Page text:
Tag Archives: Roaring 20’s

1920 Flappers Took the Country by Storm – But Did They Ever Truly Go Away

Women of the Roaring Twenties had a lot in common with today’s millennials.

By Linda Simon

Smithsonian Magazine | Subscribe
September 2017

She was the sexy ingénue, spending evenings in jazz clubs hazy with her cigarette smoke. She cavorted, wild and willful, in the stories of F. Scott Fitzgerald, who summed her up as “pretty, impudent, superbly assured, as worldly-wise, briefly-clad and ‘hard-berled’ as possible.”

Daredevils on a skyscraper

Unlike their mothers and grandmothers, flappers tended to go to high school and even college, and they devoured new books featuring confident, fun-loving adolescent heroines who hiked and camped and solved mysteries. Flappers biked, played golf and tennis, and strove to emulate the flat-chested and hipless physiques of the adolescent boys whose freedom and lack of domestic responsibilities they envied.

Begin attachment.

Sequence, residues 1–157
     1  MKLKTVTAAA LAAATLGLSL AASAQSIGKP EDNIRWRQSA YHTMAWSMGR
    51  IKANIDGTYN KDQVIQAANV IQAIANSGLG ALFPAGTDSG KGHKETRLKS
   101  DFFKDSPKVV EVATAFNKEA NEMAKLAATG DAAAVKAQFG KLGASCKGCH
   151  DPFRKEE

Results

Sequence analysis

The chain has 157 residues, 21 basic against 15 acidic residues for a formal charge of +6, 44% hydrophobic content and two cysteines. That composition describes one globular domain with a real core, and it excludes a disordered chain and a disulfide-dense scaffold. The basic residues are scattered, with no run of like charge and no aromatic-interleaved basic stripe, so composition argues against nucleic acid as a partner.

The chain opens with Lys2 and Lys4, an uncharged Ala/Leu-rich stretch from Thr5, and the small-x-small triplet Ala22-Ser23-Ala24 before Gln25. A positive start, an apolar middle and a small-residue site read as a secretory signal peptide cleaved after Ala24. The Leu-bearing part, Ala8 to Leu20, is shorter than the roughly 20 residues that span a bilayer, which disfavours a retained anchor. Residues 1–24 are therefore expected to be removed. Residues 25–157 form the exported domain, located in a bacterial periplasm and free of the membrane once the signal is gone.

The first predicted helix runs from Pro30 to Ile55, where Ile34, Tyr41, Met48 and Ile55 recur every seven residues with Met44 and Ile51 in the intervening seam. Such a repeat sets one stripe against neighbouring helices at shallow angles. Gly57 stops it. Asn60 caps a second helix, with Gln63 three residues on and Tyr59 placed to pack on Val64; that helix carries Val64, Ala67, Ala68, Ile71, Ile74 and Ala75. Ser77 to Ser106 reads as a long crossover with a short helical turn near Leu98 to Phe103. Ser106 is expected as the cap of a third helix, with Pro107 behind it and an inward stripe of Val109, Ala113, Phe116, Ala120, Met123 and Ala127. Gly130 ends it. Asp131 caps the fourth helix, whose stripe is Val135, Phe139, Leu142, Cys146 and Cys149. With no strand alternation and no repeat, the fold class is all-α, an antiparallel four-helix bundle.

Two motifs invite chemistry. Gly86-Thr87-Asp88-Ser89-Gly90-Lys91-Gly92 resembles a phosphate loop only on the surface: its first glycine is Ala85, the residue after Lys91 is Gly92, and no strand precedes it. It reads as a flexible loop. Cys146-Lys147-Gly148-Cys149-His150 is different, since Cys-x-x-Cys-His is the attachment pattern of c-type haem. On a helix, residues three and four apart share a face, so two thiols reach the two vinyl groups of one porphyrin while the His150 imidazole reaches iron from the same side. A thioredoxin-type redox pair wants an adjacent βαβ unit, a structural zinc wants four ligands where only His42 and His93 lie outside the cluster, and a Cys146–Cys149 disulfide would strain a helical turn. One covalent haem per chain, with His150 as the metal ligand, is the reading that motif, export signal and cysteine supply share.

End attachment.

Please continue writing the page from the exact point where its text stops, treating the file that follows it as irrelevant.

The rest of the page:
Predictably, these stylish tomboys were a grave source of worry to parents, educators, physicians and clergymen, who feared that sports and higher education would be ruinous. “Without womanly ­ideals the female character is threatened with disintegration,” warned G. Stanley Hall, a leading psychologist and educator who toured the country lecturing on the subject.

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Prohibition Cars 1928

Prohibition Cars.

The Metropolitan Police of St. Louis drove 1928 Packards with shiny bells on the front.

1928 Packard

The Chicago Police, on the other hand, drove Fords and some green 1928 Cadillacs with black fenders.  Behind the front grill, the Caddies were equipped with flashing red lights and a siren.

1928 Cadillac

So, you may ask, what did Al Capone drive?

Al Capone also had a green 1928 Caddy with black fenders, a siren, flashing red lights, and a police band receiver.  It was the twin of the police issue.  In addition, it had 3,000 pounds of lead and one inch bulletproof glass all around.  Capone’s 1928 Cadillac was so well fortified that for his own protection President Roosevelt used it after the attack on Pearl Harbor in December 1941.

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